The PlayStation 5 just crossed a significant milestone. Sony has revealed that it has sold 10 million PS5 consoles as of July 18th, eight months after the system’s November 12th debut. The company considered that no mean feat between the pandemic ongoing chip shortages that reportedly held sales back. It’s now Sony’s fastest-selling console to date, outpacing the PS4 by nearly a month.

Sales have slowed down since launch. Sony racked up 4.5 million PS5 sales in 2020, but sold 3.3 million in the first quarter of 2021 — it took another four months to add 2.2 million to the tally. That’s not surprising between supply constraints the usual mid-year slump, but you might not see sales climb until the holidays.

PlayStation chief Jim Ryan told GamesIndustry.biz in an interview that it was “too early to tell” which markets were the hottest given widespread demand, but pointed out that China was a pleasant surprise. The company sold out its PS5 launch stock “very, very quickly” despite a local market focused on mobile games the free-to-play model.

The PS5 doesn’t have an easy road ahead. Even if Sony could quickly overcome hardware shortages, it still has a dearth of PS5-exclusive titles outside of Ratchet & Clank: Rift Apart Returnal. The biggest games tend to be enhanced versions of games available for the PS4, like Spider-Man: Miles Morales, even upcoming blockbusters like Horizon Forbidden West will have PS4 releases. While demstill appears to be brisk, there might not be much added incentive to buy a PS5 until Gran Turismo 7 other system exclusives arrive in force.

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Meteor Shower in July: Time for the Southern Delta Aquarids to Peak


All year long as Earth revolves around the sun, it passes through streams of cosmic debris. The resulting meteor showers can light up night skies from dusk to dawn, if you’re lucky you might be able to catch a glimpse.

The next shower you might be able to see is the Southern Delta Aquariids, which is sometimes also known as the Southern Delta Aquarids. Active from July 12 to Aug. 23, it is expected to be at its peak from Wednesday night into Thursday morning, or July 28 to 29.

They come from Comet 96P Machholz, which passes by the sun every five years. Its meteors, which number between 10 20 per hour, are most visible predawn, between 2 a.m. 3 a.m. It tends to be more visible from the Southern Hemisphere.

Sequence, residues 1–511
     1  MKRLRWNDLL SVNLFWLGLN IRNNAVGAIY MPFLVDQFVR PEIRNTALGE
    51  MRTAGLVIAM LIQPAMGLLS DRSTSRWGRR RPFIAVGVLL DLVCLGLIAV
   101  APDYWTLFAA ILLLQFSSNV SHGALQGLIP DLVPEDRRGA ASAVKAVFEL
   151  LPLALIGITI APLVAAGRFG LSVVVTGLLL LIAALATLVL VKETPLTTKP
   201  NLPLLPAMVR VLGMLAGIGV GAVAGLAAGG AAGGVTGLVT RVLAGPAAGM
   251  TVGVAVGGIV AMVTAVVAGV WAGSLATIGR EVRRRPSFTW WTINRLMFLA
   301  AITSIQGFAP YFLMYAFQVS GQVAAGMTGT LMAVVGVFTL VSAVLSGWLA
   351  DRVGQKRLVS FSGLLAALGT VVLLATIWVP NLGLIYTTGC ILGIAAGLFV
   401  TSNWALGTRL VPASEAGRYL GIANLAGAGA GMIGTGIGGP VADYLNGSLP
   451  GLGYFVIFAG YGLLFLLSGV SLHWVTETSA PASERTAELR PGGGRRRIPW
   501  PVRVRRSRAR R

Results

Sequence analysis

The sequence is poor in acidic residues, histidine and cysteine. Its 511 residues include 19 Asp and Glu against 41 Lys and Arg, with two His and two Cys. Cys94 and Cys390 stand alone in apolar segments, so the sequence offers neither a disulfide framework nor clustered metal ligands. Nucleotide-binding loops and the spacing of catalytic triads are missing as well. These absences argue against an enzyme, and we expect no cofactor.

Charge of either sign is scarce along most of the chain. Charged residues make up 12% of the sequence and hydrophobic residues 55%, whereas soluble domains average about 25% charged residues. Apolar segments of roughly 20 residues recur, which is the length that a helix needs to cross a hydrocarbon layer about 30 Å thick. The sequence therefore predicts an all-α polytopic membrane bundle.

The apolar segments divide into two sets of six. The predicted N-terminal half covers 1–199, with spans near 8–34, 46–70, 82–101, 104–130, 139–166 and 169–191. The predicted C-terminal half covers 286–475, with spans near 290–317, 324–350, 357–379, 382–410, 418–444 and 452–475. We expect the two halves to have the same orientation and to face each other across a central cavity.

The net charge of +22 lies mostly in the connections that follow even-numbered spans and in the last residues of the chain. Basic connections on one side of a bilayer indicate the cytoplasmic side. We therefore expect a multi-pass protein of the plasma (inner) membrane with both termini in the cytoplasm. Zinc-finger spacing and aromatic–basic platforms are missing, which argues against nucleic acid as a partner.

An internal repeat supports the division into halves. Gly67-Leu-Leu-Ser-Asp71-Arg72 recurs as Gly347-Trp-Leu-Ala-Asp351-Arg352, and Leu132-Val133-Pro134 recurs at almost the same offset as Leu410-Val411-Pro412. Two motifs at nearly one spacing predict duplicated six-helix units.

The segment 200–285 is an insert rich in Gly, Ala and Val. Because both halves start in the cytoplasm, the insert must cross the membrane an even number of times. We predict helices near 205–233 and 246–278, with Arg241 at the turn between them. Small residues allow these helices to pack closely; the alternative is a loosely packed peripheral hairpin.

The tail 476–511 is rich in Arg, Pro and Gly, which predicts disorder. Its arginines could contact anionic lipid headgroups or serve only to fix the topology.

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If you spot a meteor shower, what you’re usually seeing is an icy comet’s leftovers that crash into Earth’s atmosphere. Comets are sort of like dirty snowballs: As they travel through the solar system, they leave behind a dusty trail of rocks ice that lingers in space long after they leave. When Earth passes through these cascades of comet waste, the bits of debris — which can be as small as grains of s— pierce the sky at such speeds that they burst, creating a celestial fireworks display.

A general rule of thumb with meteor showers: You are never watching the Earth cross into remnants from a comet’s most recent orbit. Instead, the burning bits come from the previous passes. For example, during the Perseid meteor shower you are seeing meteors ejected from when its parent comet, Comet Swift-Tuttle, visited in 1862 or earlier, not from its most recent pass in 1992.

That’s because it takes time for debris from a comet’s orbit to drift into a position where it intersects with Earth’s orbit, according to Bill Cooke, an astronomer with NASA’s Meteoroid Environment Office.

The best way to see a meteor shower is to get to a location that has a clear view of the entire night sky. Ideally, that would be somewhere with dark skies, away from city lights traffic. To maximize your chances of catching the show, look for a spot that offers a wide, unobstructed view.

Bits pieces of meteor showers are visible for a certain period of time, but they really peak visibly from dusk to dawn on a given few days. Those days are when Earth’s orbit crosses through the thickest part of the cosmic stream. Meteor showers can vary in their peak times, with some reaching their maximums for only a few hours others for several nights.

It is best to use your naked eye to spot a meteor shower. Binoculars or telescopes tend to limit your field of view. You might need to spend about half an hour in the dark to let your eyes get used to the reduced light. Stargazers should be warned that moonlight the weather can obscure the shows. But if that happens, there are usually meteor livestreams like the ones hosted by NASA by Slooh.